Fourteen years and coping !

Fourteen years ago on the 15th May 1999 my life took a drastic turn. I suffered a massive anxiety/panic attack which led to a total breakdown. I lost, I think, nearly a week of my life because I had had enough drugs to “flatten an elephant” and I remember next to nothing about it. A sudden and life changing moment when I couldn’t find my cat turned my life upside down.

For the last 14 years I have been learning to cope with the after effects that anxiety brings, the deep thinking, the drugs and the therapy all become part of your life when something like that happens but it is up to you to find the will power to NOT let it beat you. It is extremely hard to learn to cope but the first step is that you WANT to learn and that you WANT to find a way to live your life.  Easier typed than done sometimes!

Fourteen years on where am I? Heading into the tenth year of my job, probably fitter than I have been in my life, I have an amazing “team” around me and I have the tools and tricks to keep going.  So my friends, why is it that over the last few days the old questions have started to arise? Why did I stupidly get upset over something tiny the other night? Why did my faith in my own abilities, self-image and self-confidence hit an all-time low? The answer is simple, so simple it looks right back at me in the mirror. I have changed and am changing still, and therefore have to keep adapting to cope.  I have learned so much about myself over the last few months but I have also come to realise that there are still some changes I need to make to my thinking, my perceptions and my development. If you think about it when we cut ourselves we put a sticking plaster on to stop the bleeding or to help the wound heal but when we hurt ourselves psychologically, we stick a dirty great big wall up so that we will never be wounded again. It takes guts to demolish that wall, to let people see that you are human, that you do cry, you do hurt when unkind things are said even in a joke and yes, you do get emotional when you succeed. For those of us who suffer from any kind of panic or anxiety disorder taking that wall down is flippin scary because you worry that it could have other consequences. Not me, no more, I am demolishing that wall. So what if I appear to be a complete woos instead of a tough Glaswegian, so what if I feel emotional because I actually manage to do two burpees during Metafit or manage a full PT session without wanting to give up.

As I keep quoting and will continue to quote the Tartan Army Children’s Charity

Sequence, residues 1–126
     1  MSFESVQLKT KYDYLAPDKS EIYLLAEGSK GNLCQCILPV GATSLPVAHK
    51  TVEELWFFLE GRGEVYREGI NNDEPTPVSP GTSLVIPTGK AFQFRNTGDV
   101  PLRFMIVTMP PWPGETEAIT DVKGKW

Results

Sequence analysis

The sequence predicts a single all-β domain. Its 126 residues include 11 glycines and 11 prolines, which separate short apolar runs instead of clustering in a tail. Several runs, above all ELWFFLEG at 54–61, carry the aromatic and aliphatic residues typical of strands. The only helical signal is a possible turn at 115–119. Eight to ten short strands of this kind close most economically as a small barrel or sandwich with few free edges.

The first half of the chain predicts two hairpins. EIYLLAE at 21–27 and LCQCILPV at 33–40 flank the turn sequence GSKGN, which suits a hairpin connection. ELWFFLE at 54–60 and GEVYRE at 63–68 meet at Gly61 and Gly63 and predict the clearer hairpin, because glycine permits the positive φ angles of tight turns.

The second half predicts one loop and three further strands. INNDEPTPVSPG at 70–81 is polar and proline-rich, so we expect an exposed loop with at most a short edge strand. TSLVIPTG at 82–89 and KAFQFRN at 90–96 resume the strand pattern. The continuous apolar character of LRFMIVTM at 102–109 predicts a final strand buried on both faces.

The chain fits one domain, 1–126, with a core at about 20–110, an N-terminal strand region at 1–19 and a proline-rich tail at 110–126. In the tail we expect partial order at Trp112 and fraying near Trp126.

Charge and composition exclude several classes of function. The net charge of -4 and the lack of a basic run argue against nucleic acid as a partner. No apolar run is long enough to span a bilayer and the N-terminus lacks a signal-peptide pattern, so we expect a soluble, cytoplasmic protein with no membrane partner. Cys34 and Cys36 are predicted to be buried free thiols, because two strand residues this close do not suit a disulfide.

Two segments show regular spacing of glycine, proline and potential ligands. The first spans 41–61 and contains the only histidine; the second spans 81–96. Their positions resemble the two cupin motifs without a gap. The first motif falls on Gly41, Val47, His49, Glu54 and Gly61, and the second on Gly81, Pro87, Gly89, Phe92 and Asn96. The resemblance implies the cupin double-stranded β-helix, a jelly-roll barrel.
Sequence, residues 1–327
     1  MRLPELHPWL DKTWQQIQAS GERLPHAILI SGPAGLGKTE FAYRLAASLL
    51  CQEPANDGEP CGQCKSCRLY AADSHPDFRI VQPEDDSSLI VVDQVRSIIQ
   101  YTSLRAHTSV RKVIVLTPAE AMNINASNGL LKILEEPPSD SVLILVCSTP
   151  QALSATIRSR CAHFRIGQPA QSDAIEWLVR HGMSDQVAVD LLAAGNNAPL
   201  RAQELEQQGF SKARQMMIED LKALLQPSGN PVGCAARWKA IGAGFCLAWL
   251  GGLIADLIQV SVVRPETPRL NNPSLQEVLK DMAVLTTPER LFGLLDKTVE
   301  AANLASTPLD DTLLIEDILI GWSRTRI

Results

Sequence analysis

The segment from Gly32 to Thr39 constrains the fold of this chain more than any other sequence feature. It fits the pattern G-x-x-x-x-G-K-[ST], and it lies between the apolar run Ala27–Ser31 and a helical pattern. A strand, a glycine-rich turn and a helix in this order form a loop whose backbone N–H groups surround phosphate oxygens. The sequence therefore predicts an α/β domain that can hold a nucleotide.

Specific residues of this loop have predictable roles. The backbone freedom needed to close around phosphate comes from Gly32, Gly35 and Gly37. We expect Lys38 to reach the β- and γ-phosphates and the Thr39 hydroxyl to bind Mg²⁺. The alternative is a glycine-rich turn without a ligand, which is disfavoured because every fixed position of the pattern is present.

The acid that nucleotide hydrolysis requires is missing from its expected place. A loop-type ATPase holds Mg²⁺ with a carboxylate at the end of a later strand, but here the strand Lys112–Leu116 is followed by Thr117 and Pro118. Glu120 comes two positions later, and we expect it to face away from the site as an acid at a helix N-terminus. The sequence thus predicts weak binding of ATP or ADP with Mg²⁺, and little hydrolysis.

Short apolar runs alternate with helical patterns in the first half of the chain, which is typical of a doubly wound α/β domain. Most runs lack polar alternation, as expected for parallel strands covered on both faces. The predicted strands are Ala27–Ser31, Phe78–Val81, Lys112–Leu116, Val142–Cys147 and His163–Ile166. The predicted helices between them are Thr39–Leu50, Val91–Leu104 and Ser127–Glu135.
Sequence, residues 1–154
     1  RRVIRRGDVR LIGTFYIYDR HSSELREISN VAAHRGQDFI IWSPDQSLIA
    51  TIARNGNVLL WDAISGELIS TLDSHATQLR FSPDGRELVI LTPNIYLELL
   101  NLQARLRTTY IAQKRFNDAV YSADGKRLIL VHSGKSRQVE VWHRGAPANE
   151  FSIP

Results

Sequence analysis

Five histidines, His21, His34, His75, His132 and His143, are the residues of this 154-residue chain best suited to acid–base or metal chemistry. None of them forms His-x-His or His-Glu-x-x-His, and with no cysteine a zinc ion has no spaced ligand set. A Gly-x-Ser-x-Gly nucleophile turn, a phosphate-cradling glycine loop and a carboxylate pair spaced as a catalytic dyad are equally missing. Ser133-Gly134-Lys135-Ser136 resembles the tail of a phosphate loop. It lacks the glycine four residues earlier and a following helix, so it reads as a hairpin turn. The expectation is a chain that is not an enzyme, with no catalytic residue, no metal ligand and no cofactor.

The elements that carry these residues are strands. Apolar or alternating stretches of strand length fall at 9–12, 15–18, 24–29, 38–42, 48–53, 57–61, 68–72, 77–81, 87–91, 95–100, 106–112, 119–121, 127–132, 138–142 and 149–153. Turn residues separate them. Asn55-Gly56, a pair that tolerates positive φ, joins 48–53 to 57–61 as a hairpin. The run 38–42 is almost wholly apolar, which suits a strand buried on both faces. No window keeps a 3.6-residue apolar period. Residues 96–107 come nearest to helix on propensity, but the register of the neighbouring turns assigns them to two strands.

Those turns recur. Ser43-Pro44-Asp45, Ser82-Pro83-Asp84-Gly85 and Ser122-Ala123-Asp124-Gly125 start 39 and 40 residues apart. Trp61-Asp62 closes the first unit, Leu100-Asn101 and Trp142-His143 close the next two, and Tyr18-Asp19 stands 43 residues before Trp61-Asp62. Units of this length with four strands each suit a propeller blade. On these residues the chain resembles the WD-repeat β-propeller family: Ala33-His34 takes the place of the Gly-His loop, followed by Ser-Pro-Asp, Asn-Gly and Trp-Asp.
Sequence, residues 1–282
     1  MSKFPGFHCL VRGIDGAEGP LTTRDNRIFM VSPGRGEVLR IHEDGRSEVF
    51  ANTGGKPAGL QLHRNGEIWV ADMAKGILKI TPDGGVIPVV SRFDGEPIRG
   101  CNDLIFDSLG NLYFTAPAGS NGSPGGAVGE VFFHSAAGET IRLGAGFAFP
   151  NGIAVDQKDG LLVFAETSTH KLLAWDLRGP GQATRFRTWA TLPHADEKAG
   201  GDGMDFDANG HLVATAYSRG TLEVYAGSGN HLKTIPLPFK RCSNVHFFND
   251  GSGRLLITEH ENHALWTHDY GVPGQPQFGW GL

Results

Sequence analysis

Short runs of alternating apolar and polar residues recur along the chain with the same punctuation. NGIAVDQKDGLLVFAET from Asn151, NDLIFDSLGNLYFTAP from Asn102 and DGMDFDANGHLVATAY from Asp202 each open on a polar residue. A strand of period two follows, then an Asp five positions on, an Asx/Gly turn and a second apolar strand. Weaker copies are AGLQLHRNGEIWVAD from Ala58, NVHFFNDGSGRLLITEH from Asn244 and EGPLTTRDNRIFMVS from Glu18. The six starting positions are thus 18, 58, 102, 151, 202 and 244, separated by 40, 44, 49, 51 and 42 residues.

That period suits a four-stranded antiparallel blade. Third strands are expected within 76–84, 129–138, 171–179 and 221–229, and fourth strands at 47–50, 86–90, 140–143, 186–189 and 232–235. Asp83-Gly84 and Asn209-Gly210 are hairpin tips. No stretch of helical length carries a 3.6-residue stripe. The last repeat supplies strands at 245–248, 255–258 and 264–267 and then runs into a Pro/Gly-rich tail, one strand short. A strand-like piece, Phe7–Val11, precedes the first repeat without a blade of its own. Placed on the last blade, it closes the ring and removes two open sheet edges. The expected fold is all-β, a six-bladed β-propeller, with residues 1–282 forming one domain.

“Pain is temporary, Pride is forever”

The pain and embarrassment at a few tears shed is nothing compared to the pride in what has gone on behind those tears.

For anyone reading this who copes every day with any kind of mental health issue, if I can do it anyone can. The light at the end of the tunnel is much brighter when you walk towards it, rather than choosing to stay in the dark. I made the choice to learn how to cope, and with the help of some superb “professionals”,  have found alternative routes instead of drugs. This is not for everyone but for me it has worked.


 Time to get the self-confidence back, time to clear out the crap and time to focus on turning 50. Now that it is a whole other bunch of therapy, pass me the gin please !!!!!!

G x


  1. This is such an inspirational post. I have always battled with anxiety and nervousness. It has been a tough few years that have led me through many ups and downs. I feel that when you immerse yourself into work, fitness, and hobbies it really hopes cope with everything. Thanks for the great read.

  2. Thank you! Just remember that you need to keep yourself mentally as well as physically strong. All too often we neglect that side of things and that big ol’ wall appears back again

  3. 16 years ago my world was smashed to pieces and all that held me together was sticky tape. At some point many months later as I started to rebuild my life I remember shouting at an empty room that I wanted everyone’s respect and not their pity. I have fallen down on a couple of occasions since then but each time I have climbed back up again one bit at a time. You have every reason to be proud of yourself and have earned the respect of everyone that knows and cares about you. Have a wicked 50th (remember 50 is the new 40).

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